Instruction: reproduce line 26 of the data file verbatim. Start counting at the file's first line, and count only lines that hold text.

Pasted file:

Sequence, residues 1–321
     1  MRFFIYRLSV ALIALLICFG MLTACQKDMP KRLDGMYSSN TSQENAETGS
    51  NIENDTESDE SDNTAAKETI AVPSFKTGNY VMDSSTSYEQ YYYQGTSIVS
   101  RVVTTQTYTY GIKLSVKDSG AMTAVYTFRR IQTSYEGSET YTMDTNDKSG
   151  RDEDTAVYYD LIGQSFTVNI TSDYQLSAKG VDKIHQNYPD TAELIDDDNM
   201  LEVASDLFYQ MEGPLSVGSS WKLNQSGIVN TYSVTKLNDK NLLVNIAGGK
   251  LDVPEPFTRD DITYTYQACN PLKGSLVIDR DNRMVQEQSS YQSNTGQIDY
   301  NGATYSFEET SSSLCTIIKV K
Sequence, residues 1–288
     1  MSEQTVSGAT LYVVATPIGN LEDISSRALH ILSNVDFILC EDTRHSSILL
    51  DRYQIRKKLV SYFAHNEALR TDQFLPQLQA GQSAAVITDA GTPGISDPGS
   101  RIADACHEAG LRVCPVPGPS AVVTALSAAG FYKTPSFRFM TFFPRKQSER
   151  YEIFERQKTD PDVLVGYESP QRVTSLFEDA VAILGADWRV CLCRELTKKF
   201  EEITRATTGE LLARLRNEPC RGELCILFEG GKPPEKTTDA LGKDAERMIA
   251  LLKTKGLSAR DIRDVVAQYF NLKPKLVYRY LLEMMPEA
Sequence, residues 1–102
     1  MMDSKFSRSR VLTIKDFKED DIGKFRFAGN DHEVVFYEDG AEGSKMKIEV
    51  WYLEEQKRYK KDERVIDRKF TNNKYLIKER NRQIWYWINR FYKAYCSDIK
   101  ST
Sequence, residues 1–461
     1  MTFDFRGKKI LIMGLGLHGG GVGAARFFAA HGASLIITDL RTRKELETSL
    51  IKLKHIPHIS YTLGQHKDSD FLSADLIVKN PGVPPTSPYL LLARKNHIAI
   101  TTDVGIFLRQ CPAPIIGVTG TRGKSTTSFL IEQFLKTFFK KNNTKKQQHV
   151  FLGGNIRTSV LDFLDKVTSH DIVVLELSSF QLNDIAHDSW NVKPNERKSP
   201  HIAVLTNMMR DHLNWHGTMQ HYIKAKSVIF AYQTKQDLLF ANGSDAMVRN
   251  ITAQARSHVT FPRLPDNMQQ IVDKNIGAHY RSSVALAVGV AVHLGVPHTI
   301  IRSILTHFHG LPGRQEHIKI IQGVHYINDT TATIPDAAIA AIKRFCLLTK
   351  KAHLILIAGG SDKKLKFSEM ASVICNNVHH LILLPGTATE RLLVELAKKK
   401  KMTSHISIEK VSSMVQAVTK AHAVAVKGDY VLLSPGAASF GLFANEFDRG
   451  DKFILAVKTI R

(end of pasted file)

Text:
   251  ITAQARSHVT FPRLPDNMQQ IVDKNIGAHY RSSVALAVGV AVHLGVPHTI